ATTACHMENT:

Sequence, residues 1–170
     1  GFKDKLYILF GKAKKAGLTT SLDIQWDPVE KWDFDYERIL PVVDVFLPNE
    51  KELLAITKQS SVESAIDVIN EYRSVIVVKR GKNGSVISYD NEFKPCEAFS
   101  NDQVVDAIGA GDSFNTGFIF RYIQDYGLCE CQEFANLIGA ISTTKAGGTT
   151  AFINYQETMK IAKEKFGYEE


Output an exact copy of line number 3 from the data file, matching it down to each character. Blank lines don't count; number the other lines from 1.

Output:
    51  KELLAITKQS SVESAIDVIN EYRSVIVVKR GKNGSVISYD NEFKPCEAFS